This process continues for eight cycles, each step successively adding or subtracting smaller amounts of voltage at pin 3 of IC2a. During this process, the lower bits in the 8-bit register are successively set to either a 1 or a 0 to obtain an 8-bit A-D conversion.

Following the conversion, the binary number stored in the 8-bit register is processed (we'll look at this in more detail shortly) and converted to a decimal value so that it can be shown on the 3-digit LED display. Once again, this takes place inside the PIC microcontroller.

Note that the possible range of values for the 8-bit register is from 00000000 (0) to 11111111 (255) - ie, 256 possible values. However, in practice we are limited to a range of about 19-231. That's because the software must have time for internal processing to produce the waveform at the RA3 output and to monitor the RB0 input.

Table 2:Capacitor Codes
Value IEC Code EIA Code
0.1μF 100n 104
15pF 15p 15

Processing the register data

OK, let's now take a closer look at how the PIC microcontroller processes the data in the 8-bit register following conversion. To do this, it requires several items of information.

First, it needs to know the voltage produced by the Hall effect sensor when there is no current flow. This is nominally half the supply voltage (ie, 2.5V) but could be anywhere between 2.25V and 2.75V. This value is determined during the setting up procedure by installing Link 1 which pulls the RB1 line low via a 1.8kΩ resistor.

Second, the processor needs to know what the output voltage from the Hall effect sensor is for a known current. This is measured at either 17A, 25A or 30A by installing either Link 2, Link 3 or Link 4 on the RB2, RB3 and RB7 outputs.

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This is the completed board assembly, ready for mounting in the case. The top of the LDR should be about 3mm above the displays.

The Hall effect device's quiescent output voltage is then subtracted from this measured value to derive a calibration number.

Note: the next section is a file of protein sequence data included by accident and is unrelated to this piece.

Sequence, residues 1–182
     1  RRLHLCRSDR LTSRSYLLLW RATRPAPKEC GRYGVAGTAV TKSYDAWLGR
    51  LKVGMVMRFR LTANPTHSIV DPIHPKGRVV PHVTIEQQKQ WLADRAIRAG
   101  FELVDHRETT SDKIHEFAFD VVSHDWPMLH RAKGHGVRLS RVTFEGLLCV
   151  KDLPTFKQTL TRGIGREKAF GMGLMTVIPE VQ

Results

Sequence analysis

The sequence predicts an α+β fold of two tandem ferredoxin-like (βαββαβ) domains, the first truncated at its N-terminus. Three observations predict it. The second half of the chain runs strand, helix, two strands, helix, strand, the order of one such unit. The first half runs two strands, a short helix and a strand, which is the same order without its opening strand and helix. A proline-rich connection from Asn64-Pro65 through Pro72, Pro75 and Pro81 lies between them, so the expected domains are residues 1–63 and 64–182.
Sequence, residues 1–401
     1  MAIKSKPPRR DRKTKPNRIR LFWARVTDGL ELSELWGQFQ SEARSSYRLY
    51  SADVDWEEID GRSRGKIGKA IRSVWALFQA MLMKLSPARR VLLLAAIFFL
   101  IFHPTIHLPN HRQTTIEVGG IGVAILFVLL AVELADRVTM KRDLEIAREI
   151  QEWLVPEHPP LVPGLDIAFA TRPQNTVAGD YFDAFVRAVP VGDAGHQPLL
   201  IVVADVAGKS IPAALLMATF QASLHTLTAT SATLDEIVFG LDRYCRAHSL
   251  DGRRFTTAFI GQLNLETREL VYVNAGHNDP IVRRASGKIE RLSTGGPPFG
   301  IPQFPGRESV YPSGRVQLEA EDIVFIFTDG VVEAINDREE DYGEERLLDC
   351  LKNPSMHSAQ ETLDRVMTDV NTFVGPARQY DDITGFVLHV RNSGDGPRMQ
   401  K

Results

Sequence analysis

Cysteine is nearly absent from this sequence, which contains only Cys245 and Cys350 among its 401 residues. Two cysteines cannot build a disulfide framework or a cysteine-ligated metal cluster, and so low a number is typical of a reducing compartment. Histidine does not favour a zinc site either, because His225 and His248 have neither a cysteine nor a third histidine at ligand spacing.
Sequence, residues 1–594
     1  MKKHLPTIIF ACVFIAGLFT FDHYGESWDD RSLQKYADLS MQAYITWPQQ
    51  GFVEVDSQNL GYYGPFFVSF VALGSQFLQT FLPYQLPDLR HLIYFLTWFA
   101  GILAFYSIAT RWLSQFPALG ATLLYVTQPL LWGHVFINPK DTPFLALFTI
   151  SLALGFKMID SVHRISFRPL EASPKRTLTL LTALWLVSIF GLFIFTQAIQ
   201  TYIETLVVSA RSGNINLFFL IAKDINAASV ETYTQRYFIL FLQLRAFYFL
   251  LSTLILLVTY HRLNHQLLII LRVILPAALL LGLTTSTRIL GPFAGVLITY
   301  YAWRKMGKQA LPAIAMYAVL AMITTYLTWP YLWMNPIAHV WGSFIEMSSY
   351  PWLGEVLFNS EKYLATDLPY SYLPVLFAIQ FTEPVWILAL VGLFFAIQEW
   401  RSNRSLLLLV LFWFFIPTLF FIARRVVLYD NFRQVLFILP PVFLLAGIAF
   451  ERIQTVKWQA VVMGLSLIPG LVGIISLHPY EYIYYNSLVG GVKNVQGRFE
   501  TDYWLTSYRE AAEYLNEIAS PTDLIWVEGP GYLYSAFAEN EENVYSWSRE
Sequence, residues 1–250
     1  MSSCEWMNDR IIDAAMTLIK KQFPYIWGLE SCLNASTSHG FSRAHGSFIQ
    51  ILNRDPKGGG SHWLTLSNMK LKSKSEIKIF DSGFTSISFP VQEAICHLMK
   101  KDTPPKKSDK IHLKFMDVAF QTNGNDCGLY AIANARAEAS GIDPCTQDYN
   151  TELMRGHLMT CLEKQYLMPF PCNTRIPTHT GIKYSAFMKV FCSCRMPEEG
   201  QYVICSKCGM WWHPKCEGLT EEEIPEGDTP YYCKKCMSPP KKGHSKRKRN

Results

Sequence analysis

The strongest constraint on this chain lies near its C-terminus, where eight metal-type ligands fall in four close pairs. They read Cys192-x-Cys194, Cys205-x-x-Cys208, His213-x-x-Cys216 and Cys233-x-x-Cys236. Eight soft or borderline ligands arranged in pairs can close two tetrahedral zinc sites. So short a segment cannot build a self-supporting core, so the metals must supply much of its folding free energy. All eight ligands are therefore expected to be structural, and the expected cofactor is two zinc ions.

For example, let's say that the Hall effect sensor's output is 2.5V at 0A and 3.0V at 17A (ie, we are calibrating at 17A). In this case, the calibration factor would be 3 - 2.5 = 0.5 and this is stored by the processor along with the calibration amperage (17A in this case).

Once the processor knows this information it can calculate other currents, depending on the output from the Hall sensor. First, it subtracts the sensor's quiescent voltage from its new output voltage (note: this provides values that can be either positive or negative, depending on the current direction). The result is then multiplied by the calibration amperage and divided by the calibration factor to get the final result.

This is best illustrated by another example. Let's assume that the calibration factor is 0.5 and that the calibration amperage is 17A. Further, let's assume that the sensor output is at 3.4V. In this case, the current would be (3.4 - 2.5) x 17/0.5 or 30.6A.

This result (to the nearest amp) is shown on the LED displays and on the bargraph.

Driving the displays

The 7-segment display data from IC1 appears at outputs RB1-RB7. These directly drive the display segments via 150W current-limiting resistors, while the RA0, RA1, RA2 & RA4 outputs drive the individual displays in multiplex fashion via switching transistors Q1-Q4 (more on this shortly).

As shown, the corresponding display segments are all tied together, while the common anode terminals are driven by the switching transistors. Similarly, the cathodes of the LEDs in the bargraph display (LEDBAR1) are also connected to the display segments.